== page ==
HTS Moderator , Reviewer
Title: Escape From Alcatraz
HTS Overall Score:65
“Escape from Alacatraz” is the last film of a long collaboration between Director Don Siegel and Clint Eastwood. This also happens to be the most polished and grounded work the two of them have ever done. Instead of treading new ground, Siegel and Eastwood develop a carefully crafted thriller that is based upon the real life escape of Frank Morris and friends from the previously unescapable island prison of Alcatraz. The movie is tense and nail biting, without a whole lot of actual action or movement. We watch the main characters build up to an incredible finale, trapped in not only the world’s most tightly controlled prison, but also with a warden who makes life even more difficult than it has to be.
Frank Morris (Clint Eastwood) has broken out of more prisons than you could count, leaving the government with no choice than to send him to the impregnable fortress known as Alacatraz. Stuck out in the middle of the ocean, with armed guards at every corner, no one has ever been able to break out of Alcatraz. The Warden (Patrick McGoohan) warns the incarcerated prisoners that no one has ever broken out and no one ever will, but Morris has already started his escape plan. Noticing the sea salt cement walls that are starting to crumble, the prisoner starts to dig away at the walls, getting through it piece by piece.
Knowing HOW to get through the walls is one thing, but how do you get through the upper levels, out on to the balcony, down the fence and out across the ocean without getting caught. The answer lies in the friendship of several other prisoners, which allow the trio of escape artists enough leverage and manpower to successfully figure out a plan of escape which will be successful. Fears start to run a bit higher than normal though, and on action day, things start to warm up a little bit TOO much, and their escape window narrows to the barest of slivers as a result.
“Escape from Alcatraz” manages to be one of the better Eastwood films of all time, or at least one of the most consistently loved by audiences. Siegel and Eastwood manage to capture the tone and grittiness of “The Great Escape”, but keeps the action and harder language to a minimum, allowing for a family friendly Clint Eastwood, which are few and far between. The directing is solid, with Eastwood taking the majority of the work, but the other prisoners that lend to the escape all have honorable mention. McGoohan as the twisted warden works perfectly as a foil to Morris’s likeable anti-hero. The scene where he takes away Doc’s painting privileges for the pettiest of reasons cements his status as villain for the rest of the movie.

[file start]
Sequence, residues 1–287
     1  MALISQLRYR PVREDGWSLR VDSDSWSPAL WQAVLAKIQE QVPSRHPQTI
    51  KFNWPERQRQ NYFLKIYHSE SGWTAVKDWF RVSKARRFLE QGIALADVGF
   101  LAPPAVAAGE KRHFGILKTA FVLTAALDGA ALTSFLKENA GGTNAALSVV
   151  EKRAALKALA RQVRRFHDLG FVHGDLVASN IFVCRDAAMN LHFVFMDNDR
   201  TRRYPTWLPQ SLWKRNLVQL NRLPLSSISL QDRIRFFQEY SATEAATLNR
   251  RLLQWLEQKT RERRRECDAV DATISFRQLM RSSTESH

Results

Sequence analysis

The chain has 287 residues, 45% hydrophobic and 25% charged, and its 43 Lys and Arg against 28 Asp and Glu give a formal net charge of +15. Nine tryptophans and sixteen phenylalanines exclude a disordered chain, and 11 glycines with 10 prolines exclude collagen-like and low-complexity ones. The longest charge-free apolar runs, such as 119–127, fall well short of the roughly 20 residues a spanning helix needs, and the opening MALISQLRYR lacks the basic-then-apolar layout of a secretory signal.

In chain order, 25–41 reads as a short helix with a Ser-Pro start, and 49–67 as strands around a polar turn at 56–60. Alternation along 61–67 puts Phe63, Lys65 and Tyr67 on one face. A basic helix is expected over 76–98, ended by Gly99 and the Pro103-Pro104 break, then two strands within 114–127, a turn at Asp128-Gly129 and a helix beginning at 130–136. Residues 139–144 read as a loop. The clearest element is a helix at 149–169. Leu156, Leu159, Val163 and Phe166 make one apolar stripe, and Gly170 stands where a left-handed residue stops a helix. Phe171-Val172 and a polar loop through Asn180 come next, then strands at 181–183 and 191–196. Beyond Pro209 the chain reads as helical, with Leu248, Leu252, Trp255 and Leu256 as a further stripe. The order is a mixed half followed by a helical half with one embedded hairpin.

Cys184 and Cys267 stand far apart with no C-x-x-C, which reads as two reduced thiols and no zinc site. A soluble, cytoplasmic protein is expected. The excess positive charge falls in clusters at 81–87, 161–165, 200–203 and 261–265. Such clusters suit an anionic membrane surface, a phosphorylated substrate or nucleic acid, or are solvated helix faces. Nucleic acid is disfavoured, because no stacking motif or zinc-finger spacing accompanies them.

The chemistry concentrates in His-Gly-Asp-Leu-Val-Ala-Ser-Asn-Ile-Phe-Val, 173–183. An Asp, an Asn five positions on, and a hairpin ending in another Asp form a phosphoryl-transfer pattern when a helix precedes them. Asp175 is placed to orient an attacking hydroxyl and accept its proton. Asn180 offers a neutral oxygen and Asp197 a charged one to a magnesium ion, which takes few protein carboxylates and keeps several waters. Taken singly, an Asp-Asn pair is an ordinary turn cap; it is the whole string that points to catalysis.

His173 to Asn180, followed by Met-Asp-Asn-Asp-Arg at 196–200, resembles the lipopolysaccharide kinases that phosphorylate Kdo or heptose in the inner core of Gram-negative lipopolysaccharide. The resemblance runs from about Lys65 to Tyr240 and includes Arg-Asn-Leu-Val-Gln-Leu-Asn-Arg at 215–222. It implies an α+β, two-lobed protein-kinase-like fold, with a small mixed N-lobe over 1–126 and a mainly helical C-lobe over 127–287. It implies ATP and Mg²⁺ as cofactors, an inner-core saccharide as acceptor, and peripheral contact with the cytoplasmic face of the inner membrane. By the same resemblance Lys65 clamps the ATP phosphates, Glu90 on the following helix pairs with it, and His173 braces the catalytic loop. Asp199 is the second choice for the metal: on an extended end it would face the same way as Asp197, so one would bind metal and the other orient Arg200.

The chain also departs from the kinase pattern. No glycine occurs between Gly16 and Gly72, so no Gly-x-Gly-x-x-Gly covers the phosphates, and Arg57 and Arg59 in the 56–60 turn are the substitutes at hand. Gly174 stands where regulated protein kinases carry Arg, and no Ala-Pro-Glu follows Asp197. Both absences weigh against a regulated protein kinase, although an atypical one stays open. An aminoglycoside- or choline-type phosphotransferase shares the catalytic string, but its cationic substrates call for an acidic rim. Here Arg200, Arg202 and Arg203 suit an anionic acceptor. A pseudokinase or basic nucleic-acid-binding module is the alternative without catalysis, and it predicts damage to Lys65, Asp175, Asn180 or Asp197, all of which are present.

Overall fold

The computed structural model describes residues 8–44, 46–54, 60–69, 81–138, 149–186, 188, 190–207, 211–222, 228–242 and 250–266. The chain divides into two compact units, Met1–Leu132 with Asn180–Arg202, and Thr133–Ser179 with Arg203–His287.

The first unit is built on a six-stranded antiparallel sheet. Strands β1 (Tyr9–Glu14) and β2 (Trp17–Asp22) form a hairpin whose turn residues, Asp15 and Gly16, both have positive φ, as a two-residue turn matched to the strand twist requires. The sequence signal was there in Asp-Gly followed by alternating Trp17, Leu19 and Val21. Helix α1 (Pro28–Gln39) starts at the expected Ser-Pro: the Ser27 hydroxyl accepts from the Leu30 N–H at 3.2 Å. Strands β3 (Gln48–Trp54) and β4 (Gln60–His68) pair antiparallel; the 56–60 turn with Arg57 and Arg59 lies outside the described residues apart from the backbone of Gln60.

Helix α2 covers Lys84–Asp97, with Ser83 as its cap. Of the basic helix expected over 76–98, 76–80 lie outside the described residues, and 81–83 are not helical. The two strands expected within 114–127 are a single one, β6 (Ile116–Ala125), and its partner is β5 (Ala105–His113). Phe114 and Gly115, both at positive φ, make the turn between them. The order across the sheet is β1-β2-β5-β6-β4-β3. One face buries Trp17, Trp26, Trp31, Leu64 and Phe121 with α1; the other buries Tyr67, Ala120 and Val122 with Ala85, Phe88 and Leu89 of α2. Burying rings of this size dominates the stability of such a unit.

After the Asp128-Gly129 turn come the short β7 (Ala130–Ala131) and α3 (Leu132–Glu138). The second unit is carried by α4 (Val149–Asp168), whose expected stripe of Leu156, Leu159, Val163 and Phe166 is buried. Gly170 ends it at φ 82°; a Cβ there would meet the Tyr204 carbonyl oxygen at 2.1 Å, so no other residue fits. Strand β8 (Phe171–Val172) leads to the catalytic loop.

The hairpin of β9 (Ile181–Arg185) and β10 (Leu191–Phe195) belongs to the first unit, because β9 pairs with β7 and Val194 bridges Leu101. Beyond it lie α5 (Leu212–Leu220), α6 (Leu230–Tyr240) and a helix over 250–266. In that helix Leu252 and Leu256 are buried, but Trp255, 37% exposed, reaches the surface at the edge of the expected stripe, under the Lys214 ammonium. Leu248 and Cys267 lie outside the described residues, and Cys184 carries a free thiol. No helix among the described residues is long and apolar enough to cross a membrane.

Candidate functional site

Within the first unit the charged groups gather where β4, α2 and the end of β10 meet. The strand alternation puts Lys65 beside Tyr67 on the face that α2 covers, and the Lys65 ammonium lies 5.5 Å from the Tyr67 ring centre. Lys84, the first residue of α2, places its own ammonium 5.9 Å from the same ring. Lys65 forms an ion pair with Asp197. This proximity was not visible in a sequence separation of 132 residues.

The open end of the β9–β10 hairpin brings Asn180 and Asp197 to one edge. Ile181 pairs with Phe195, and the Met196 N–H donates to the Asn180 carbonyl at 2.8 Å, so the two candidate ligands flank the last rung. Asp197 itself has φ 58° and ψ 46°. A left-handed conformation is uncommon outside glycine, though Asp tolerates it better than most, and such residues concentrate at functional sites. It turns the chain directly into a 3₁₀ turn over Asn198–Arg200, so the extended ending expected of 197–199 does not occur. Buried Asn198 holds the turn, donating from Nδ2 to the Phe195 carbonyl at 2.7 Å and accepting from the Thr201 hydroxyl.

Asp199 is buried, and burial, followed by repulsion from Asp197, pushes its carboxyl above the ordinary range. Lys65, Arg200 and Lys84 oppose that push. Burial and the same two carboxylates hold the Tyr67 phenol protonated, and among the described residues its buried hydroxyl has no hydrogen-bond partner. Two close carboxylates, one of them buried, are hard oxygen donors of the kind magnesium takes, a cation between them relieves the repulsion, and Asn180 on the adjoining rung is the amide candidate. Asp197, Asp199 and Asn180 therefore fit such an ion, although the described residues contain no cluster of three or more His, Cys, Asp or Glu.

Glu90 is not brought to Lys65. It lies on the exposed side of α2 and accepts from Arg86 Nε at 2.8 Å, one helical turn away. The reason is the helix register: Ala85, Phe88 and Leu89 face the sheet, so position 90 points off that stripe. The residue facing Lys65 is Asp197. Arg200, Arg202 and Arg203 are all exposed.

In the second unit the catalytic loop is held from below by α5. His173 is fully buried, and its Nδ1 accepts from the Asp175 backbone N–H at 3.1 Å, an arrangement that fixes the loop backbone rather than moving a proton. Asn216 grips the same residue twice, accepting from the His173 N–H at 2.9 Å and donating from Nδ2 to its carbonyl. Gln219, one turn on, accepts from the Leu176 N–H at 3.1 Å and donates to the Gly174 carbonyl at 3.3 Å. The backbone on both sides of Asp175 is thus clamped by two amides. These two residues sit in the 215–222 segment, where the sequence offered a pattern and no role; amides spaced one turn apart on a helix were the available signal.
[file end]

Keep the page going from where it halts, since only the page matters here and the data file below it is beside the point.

Rated PG, Parental Guidance Suggested
[img]http://www.hometheatershack.com/gallery/file.php?n=55794[/img]Much like “Witness” and “The Man Who Shot Liberty Valance”, “Escape from Alcatraz” looks to be the same disc as the international release from Paramount several years ago. Colors are decent and show some pizazz, but are not heavily saturated and the high contrast levels tend to keep skin tones and the overall picture quality rather pasty. Detail is solid enough, with some good fine detail in close ups, but there is some definite softness and a thin coating to DNR to keep the image from really shining. There’s not a whole lot of range on the colors, as they tend to be monochromatic, and the black levels do look pretty good, if not for some greyed out levels every once in a while. The master is probably the same master as the old DVD from Paramount, but no one seems to know the exact age of the mastering, so this is all just guess work. Still, more than acceptable for a cheap catalog title.
[img]http://www.hometheatershack.com/gallery/file.php?n=55802[/img]The 5.1 Dolby TrueHD track is the exact same audio track as the Paramount international release, offers the same front heavy mix. Dialog is clean and clear, free from any distortions or background hiss that I could detect. There’s some ambient sounds of prison in the side channels, but there isn’t a whole lot more than that, leaving the bulk of the work to the front 3 channels. There is definitely some nice directionality and clarity in those front 3 speakers, and a good accompaniment of LFE when it’s called upon. I was a bit disappointed that the original mono mix was not included, but the 5.1 mix we have here is close enough being that it really is more than a tad front heavy in the mixing department.
“Escape from Alcatraz” is one more notch in Clint Eastwood and Don Siegel’s working repertoire and possibly one of his better films. The tense situations without a lot of action is unique for Eastwood, and he keeps it at a nice PG level, making it a much more family friendly film that other outings for the squinty eyed actor. Audio and video are pretty decent for an older release, but the low MSRP makes the middling specs a little more palatable. Definitely recommended.
Starring: Clint Eastwood, Roberts Blossom, Patrick McGoohan
Directed by: Don Siegel
Written by: J. Campbell Bruce (Book), Richard Tuggle (Screenplay
Aspect Ratio: 1.78:1 AVC
Audio: English: Dolby TrueHD 5.1, French, German, Italian, Spanish, Portuguese DD 2.0
Studio: Warner Brothers
Runtime: 112 minutes
Blu-ray Release Date: October 13th 2015
Buy Escape From Alcatraz On Blu-ray at Amazon
Recommendation: Highly Recommended
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